Another reason National needs to dump the Maori Party: they push for separatism


The Maori Party is calling for a “long overdue” law change to establish Maori wards on every district council in New Zealand.

Co-leader Te Ururoa Flavell will present a petition to Parliament at the urging of New Plymouth mayor Andrew Judd, who championed the creation of a Maori ward in his city – a move blocked by a public vote last year.

Under existing legislation, councils can choose to establish Maori wards. However, if 5 per cent of voters sign a petition opposed to such a move, the decision then goes to a binding referendum.

Maori representation on local government has been a heated issue at times, with parties divided at the last general election.

New Zealand First leader Winston Peters said Maori wards were separatist – a stance backed by the Act and Conservative parties – while National and Labour were not opposed to councils establishing Maori wards if they wished.


Mr Flavell said mandatory Maori wards on every council would give tangata whenua better representation at local government, and would better reflect the make-up of communities.

“Everyone is aware of the low participation of Maori in local government and the existing legislation is clearly inadequate,” he said.

“A change is long overdue. The fact that 5 percent of the voting public can challenge any decision related to Maori representation is disheartening and means Maori will almost always be defeated in this process. How is it fair that mechanisms such as these can apply?”

How is it fair that Maori get to sit on boards through legislation rather than merit?  And then get to rule over 90% of non-Maori?


– Matthew Backhouse, NZ Herald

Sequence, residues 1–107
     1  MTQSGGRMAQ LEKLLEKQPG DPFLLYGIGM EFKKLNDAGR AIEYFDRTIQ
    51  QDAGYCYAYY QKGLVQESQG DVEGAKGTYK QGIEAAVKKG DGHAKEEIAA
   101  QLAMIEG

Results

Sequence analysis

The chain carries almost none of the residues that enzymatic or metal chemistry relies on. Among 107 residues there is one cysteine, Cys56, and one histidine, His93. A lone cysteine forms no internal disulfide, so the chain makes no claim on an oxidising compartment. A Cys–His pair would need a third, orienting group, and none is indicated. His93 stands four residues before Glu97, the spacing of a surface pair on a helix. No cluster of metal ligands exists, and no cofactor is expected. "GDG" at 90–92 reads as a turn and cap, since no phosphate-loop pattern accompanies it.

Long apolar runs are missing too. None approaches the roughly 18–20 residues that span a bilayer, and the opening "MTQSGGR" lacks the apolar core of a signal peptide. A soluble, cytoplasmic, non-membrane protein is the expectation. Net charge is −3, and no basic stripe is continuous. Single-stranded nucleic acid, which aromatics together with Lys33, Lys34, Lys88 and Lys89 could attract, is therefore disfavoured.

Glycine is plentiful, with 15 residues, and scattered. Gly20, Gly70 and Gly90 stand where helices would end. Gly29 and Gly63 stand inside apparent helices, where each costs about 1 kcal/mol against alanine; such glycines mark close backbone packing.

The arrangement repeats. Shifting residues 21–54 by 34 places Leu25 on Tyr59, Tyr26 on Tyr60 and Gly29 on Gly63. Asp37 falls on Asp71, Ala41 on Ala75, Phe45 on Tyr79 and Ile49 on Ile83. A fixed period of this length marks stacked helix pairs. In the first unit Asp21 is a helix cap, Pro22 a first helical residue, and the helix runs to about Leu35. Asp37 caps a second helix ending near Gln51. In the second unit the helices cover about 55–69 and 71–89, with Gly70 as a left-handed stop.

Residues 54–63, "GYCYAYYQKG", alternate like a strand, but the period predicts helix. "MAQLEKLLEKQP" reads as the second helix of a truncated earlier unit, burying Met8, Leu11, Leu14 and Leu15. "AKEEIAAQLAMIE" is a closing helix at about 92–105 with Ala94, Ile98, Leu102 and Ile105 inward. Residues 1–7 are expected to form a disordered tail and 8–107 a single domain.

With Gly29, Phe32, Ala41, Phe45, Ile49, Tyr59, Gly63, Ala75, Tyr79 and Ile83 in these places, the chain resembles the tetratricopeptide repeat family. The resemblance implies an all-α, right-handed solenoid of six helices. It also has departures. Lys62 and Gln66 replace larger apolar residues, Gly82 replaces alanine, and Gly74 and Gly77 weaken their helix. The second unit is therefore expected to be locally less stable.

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  • RightofSingapore

    If they want more Maori representation and higher participation, then Maori should put their hands up and run for the same seats as other candidates with good policies that people want. If they run good people with good ideas then we’ll vote for them regardless of what breed they are.
    Separate Maori seats is acknowledging that Maori candidates can’t hack it against everyone else.
    This isn’t rocket surgery.

  • Hard1

    We don’t need feeble minded Visigoths in positions of power. Merit, not nepotism. The more you give, the more they want. And they want it all, make no mistake.

  • Wasapilot

    To the best of my knowledge there are no full blooded maori left. If that is the case, then obviously if you identify as maori, that is your choice as you must be at least 50% another race.

    What intrigues me is why some choose to identify themselves as New Zealanders like the rest of us, and others identify as maori. For those, is the reason they identify as maori perhaps due to that is where the money trough is, is it that thay can call themselves victims and hence find an excuse to under perform and live on taxpayer hand outs.

    In this day and age, surely over the last 1000 years of history there can be no reason for racism, unless you choose to be racist for your own benefit. I think some have called it reverse racism.